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1 CMSC421: Principles of Operating Systems Nilanjan Banerjee Principles of Operating Systems Assistant Professor, University of Maryland Baltimore County.

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Presentation on theme: "1 CMSC421: Principles of Operating Systems Nilanjan Banerjee Principles of Operating Systems Assistant Professor, University of Maryland Baltimore County."— Presentation transcript:

1 1 CMSC421: Principles of Operating Systems Nilanjan Banerjee Principles of Operating Systems Assistant Professor, University of Maryland Baltimore County

2 2 Announcements Project 0 and Homework 1 are due this week Readings from Silberchatz [2 nd chapter] Section 2.3

3 3 Lets write a system call in the kernel (sys_strcpy) int strcpy(char *src, char *dest, int len) asmlinkage long sys_strcpy(char *src, char *dest, int len) compiler directive params will be read from stack can return values of size of at most long? Why?

4 4 Issues to think about when writing system calls Moving data between the kernel and user process Concerns: security and protection Synchronization and concurrency (will revisit) Several (so called) kernel threads might be accessing the same data structure that you want to read/write Simple solution (disable interrupts “cli”) Usually not a good idea Big problem in preemptive CPU (which is almost every CPU) and multi-processor systems CONFIG_SMP or CONFIG_PREEMPT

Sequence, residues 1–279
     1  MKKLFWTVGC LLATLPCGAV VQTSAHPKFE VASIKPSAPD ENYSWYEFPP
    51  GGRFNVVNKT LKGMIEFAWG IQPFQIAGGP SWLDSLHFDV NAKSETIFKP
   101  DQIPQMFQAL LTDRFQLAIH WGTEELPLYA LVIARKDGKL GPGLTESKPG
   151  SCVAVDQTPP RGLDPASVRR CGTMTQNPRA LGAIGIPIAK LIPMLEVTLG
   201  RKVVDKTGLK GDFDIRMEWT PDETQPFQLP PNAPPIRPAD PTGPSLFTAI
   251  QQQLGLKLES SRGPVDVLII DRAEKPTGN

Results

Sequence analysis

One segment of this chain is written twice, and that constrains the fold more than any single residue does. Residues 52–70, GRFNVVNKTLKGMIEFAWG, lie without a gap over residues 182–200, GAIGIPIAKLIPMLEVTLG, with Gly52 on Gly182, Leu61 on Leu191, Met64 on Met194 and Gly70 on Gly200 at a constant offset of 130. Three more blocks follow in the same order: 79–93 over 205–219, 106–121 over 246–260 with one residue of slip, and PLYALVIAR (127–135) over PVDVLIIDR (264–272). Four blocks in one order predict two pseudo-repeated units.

5 5 Useful kernel API functions for bidirectional data movement access_ok (type, addr, size): type (VERIFY_READ, VERIFY_WRITE) get_user(x, ptr) --- read a char or int from user-space put_user(x, ptr) --- write variable from kernel to user space copy_to_user(to, from, n) --- copy data from kernel to userspace copy_from_user(to, from, n) – copy data to kernel from userspace strnlen_user(src, n) – checks that the length of a buffer is n strcpy_from_user(dest, src, n) ---copies from kernel to user space Acknowledgement:

6 6 Linux Bootup process